Refugees face corruption tax at SA reception centre
A new study shows how refugees are forced to pay bribes at refugee reception centres.
JOHANNESBURG - Corruption Watch says it's shocked by the findings of its latest investigations, which have revealed the extent of malpractice at refugee reception offices across the country.
On average, asylum seekers have reported being forced to pay at least four bribes to have their legal documents finalised.
Investigations have found that bribes are paid for a number of reasons, including directing applicants to the correct queue.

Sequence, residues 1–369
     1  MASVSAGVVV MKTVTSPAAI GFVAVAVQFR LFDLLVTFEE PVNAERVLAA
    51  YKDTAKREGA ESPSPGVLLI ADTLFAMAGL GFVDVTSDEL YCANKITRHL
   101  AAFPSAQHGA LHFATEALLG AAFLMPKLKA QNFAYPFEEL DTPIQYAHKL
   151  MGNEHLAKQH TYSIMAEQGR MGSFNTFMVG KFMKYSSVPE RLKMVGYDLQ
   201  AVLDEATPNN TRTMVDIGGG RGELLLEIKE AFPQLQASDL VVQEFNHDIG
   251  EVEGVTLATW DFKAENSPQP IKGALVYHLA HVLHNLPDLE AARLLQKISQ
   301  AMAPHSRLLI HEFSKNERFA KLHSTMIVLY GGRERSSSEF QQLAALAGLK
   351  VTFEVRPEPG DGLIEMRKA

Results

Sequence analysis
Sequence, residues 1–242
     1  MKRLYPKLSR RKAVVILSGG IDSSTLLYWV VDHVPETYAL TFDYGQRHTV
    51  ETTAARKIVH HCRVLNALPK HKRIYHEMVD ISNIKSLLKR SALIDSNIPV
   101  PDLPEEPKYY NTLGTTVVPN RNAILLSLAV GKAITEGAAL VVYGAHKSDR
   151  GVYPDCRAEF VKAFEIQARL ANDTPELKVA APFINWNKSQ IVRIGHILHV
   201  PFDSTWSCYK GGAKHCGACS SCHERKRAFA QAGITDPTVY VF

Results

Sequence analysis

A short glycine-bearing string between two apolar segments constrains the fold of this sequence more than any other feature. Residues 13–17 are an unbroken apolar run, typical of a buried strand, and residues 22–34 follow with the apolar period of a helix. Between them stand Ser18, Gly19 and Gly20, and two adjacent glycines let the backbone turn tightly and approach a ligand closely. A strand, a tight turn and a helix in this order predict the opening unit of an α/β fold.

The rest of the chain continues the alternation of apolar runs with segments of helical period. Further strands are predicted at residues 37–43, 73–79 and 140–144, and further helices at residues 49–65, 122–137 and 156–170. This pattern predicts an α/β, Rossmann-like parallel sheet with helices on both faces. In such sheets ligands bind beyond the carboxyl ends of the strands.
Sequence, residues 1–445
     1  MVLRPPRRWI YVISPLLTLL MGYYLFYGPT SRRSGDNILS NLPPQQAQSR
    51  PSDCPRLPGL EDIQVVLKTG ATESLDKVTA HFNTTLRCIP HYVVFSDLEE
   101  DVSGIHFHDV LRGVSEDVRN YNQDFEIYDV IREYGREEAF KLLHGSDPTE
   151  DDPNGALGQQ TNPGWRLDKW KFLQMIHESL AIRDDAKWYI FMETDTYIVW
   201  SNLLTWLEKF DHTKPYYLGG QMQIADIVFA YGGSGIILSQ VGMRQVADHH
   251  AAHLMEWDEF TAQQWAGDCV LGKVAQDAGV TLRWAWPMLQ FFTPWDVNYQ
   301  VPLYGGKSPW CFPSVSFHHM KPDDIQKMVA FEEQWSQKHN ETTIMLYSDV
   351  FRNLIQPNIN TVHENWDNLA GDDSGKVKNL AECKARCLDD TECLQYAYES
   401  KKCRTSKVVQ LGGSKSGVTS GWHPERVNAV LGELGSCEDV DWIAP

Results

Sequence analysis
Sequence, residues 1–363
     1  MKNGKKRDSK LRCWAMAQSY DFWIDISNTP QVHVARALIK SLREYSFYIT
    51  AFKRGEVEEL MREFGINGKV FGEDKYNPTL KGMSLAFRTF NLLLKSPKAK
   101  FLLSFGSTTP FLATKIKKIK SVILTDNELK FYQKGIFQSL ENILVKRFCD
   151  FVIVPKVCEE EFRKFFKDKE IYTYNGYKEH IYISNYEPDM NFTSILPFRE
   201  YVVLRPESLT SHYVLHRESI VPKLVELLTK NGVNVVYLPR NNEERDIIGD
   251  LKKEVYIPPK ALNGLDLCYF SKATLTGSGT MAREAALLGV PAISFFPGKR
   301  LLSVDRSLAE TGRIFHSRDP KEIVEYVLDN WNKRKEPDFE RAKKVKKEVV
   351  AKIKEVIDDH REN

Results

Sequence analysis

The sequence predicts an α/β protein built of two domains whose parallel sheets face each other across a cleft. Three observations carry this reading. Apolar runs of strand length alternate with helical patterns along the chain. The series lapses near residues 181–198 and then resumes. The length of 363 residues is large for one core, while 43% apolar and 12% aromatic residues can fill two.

Corruption Watch's Kabelo Sedupane says dishonest officials are continuously finding ways to make money from desperate asylum seekers.
The organisation says while it receives multiple complaints of corruption at reception offices- many victims are too afraid to testify against officials.
As a result, the home affairs department has been unable to take the necessary stringent action against accused employees.
The African Centre for Migration says the high rates of corruption at the offices are having a costly impact on South Africa's immigration system.
The Centre says the deteriorating conduct of some officials is now seeing the system helping those who can afford to pay for protection, rather than those who need it the most.
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